mid-14c., "roofed passage, vent for smoke," later "shed for animals" (mid-15c.), of unknown origin. The proposal that it is a diminutive of Old English hof "dwellings, farm" is "etymologically and chronologically inadmissible" [OED]. Meaning "shed for human habitation; rude or miserable cabin" is from 1620s. It also sometimes meant "canopied niche for a statue or image" (mid-15c.).
1670s, "an eager, rude contest or struggle" with others for something or a chance of something, from scramble (v.). Meaning "a walk or ramble involving clambering and struggling with obstacles" is from 1755. Meaning "a rapid take-off" of an aircraft group is attested from 1940, R.A.F. slang, transitive and intransitive. In U.S. football, as a quarterback's move to avoid tacklers, by 1971. Middle English had scramblement (mid-15c.).
late 15c., "blunt, dull" (in manners), from Dutch plomp "blunt, thick, massive, stumpy," probably related to plompen "fall or drop heavily" (see plump (v.)). Meaning "full and well-rounded," of a person, "fleshy, chubby," is from 1540s in English. Danish and Swedish plump "rude, coarse, clumsy" are from the Low German word and represent a different sense development. Middle English plump (n.) "a compact group of people, a crowd" (c. 1400) perhaps is from Middle Dutch as well.
mid-14c., court, "short, concise, compressed," from Latin curtus "(cut) short, shortened, incomplete," from PIE root *sker- (1) "to cut." Sense of "rude, tartly abrupt" is attested by 1831.
The Latin word was adopted early into most Germanic languages (compare Icelandic korta, German kurz, etc.) and drove out the native words based on Proto-Germanic *skurt-, but English retains short (adj.), which also has a secondary sense of "rudely abrupt." Related: Curtal.
early 15c., "hairy, shaggy, bristling," from Latin horridus "bristly, prickly, rough, horrid, frightful, rude, savage, unpolished," from horrere "to bristle with fear, shudder" (see horror). Meaning "horrible, causing horror" is from c. 1600. Sense weakened 17c. to "unpleasant, offensive."
[W]hile both [horrible and horrid] are much used in the trivial sense of disagreeable, horrible is still quite common in the graver sense inspiring horror, which horrid tends to lose .... [Fowler]
"occasion on which entertainment or profit is derived from injury or death of another," 1860, originally in reference to holidays for gladiatorial combat; the expression seems to be entirely traceable to an oft-quoted passage on a dying barbarian gladiator from the fourth canto (1818) of Byron's "Childe Harold's Pilgrimage":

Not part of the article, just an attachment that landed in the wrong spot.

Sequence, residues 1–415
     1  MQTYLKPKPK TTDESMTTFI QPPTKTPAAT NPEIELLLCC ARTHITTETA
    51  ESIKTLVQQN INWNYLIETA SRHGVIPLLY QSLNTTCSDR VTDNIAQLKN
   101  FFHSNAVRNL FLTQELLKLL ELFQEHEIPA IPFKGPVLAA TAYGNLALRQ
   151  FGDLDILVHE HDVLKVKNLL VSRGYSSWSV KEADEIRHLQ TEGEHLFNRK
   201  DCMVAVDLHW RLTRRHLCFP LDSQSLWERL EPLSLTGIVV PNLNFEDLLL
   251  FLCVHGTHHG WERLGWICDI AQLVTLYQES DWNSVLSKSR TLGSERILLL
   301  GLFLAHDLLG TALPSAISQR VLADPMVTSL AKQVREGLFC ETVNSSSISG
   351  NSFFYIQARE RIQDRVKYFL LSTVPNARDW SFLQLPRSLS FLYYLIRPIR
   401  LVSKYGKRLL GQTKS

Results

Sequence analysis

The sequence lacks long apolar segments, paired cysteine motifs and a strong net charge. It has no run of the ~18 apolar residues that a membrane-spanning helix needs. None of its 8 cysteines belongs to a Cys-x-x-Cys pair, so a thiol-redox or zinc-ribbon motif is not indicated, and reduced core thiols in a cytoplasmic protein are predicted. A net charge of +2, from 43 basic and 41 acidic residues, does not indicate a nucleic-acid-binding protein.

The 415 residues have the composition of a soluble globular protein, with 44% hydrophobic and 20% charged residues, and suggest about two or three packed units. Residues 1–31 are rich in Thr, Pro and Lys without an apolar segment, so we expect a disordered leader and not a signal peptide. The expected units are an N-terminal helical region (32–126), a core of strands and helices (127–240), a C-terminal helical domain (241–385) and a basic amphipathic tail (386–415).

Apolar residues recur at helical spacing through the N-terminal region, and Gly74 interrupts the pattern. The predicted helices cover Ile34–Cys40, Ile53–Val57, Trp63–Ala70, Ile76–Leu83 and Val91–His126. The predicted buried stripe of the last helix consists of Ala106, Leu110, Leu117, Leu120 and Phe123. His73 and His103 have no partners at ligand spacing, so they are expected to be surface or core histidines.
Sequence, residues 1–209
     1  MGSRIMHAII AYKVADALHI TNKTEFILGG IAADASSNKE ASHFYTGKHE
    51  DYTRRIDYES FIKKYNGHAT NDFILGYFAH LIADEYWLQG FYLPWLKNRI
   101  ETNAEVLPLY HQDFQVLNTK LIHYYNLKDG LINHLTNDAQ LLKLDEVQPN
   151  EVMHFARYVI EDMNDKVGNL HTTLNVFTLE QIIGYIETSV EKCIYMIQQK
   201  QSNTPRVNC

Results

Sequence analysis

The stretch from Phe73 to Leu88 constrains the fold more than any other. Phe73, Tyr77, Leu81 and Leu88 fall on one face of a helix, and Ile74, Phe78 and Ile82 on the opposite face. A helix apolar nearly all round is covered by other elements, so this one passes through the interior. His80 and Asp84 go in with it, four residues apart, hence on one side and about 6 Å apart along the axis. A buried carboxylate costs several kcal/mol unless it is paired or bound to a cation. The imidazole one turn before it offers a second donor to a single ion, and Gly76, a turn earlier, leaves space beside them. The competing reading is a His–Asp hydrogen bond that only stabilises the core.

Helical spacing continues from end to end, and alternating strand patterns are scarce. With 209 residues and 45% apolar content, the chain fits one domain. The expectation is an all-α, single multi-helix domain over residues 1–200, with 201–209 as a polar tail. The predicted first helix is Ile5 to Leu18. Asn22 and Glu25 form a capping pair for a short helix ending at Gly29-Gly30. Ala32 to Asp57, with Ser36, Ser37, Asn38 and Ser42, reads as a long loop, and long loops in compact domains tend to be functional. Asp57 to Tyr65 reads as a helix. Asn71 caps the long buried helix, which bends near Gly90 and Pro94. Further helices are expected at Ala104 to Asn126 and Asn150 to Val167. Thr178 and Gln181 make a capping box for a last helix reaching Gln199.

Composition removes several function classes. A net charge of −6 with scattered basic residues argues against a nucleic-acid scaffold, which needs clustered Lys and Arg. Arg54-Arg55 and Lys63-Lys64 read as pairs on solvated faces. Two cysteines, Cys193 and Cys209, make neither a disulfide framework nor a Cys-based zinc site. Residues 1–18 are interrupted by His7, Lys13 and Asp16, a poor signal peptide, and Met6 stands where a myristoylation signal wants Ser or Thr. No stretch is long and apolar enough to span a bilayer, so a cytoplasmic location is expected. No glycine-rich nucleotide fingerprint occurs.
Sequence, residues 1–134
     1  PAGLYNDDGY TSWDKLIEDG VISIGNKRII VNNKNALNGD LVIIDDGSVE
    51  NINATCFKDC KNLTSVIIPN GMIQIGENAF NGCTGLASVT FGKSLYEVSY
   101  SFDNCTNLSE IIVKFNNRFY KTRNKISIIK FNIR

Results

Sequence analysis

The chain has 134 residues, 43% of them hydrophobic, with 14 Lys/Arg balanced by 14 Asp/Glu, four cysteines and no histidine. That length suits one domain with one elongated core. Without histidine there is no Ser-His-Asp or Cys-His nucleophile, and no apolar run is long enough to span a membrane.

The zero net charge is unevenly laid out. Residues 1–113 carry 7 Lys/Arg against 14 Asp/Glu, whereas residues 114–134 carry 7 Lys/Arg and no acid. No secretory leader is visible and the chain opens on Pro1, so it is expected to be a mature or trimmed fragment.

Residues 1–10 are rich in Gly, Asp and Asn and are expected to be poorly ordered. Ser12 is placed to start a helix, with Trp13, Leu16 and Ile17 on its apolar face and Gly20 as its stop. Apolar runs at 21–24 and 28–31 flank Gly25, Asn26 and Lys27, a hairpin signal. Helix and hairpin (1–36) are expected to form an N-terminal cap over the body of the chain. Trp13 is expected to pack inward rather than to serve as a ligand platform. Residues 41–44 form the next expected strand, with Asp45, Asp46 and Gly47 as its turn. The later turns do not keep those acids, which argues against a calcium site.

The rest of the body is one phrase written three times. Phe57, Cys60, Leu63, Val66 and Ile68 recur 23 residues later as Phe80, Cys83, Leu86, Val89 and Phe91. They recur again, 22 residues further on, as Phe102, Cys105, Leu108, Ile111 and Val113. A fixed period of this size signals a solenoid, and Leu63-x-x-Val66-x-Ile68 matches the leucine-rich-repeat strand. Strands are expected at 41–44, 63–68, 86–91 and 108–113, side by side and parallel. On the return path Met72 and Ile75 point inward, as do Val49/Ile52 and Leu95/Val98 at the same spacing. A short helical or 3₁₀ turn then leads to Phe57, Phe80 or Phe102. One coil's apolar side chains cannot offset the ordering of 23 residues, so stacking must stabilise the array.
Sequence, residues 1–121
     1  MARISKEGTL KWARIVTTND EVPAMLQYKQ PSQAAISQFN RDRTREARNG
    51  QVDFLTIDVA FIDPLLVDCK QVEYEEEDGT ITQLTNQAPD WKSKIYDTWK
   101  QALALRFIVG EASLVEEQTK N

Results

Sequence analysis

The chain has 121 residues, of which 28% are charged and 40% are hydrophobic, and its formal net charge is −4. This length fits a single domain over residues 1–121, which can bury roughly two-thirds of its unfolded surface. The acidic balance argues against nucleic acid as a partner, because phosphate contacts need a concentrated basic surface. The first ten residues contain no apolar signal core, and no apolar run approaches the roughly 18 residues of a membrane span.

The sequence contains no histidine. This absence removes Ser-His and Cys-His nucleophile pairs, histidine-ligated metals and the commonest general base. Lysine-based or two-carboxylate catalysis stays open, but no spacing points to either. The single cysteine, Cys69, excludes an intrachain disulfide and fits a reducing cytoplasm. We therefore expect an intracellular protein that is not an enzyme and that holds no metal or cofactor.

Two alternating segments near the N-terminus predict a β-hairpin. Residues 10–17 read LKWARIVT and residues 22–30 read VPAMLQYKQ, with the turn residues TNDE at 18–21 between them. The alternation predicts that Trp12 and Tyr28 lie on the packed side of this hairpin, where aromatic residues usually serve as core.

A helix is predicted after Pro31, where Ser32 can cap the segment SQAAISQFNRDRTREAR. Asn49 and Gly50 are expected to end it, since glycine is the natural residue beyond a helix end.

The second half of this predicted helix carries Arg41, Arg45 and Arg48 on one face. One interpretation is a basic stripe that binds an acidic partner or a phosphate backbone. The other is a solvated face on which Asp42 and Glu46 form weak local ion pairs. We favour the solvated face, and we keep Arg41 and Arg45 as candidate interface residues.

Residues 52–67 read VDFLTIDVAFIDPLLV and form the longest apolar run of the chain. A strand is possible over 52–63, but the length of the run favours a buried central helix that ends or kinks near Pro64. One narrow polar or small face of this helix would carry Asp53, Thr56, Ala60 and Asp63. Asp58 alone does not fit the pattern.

But where his rude hut by the Danube lay
There were his young barbarians all at play,
There was their Dacian mother. He, their sire,
Butcher'd to make a Roman holiday!
"blunder," 1909, perhaps from French gaffe "clumsy remark," originally "boat hook" (15c.), from Old Provençal gafar "to seize," probably from a Germanic source, from Proto-Germanic *gaf-, which is perhaps from PIE root *kap- "to grasp." Sense connection between the hook and the blunder is obscure; the gaff was used to land big fish. Or the Modern English word might derive from British slang verb gaff "to cheat, trick" (1893); or gaff "criticism" (1896), from Scottish dialect sense of "loud, rude talk" (see gaff (n.2)).
1640s, "developed or ripe before the usual time," originally of plants, with -ous + Latin praecox (genitive praecocis) "maturing early," from prae "before" (see pre-) + coquere "to ripen," literally "to cook" (from PIE root *pekw- "to cook, ripen").
Originally of flowers or fruits. Figurative use, of persons, dates, etc., "characteristic of early maturity," by 1670s. Related: Precociously; precociousness. Obsolete princock "pert, forward, saucy boy or youth" (16c.-18c.) might be a rude, low slang folk-etymology alteration of Latin praecox.
type of toy marble, by 1905, American English, colloquial shortening of agate (q.v.).
Excited groups gather about rude circles scratched in the mud, and there is talk of "pureys," and "reals," and "aggies," and "commies," and "fen dubs!" There is a rich click about the bulging pockets of the boys, and every so often in school time something drops on the floor and rolls noisily across the room. When Miss Daniels asks: "Who did that?" the boys all look so astonished. Who did what pray tell? [McClure's magazine, May 1905]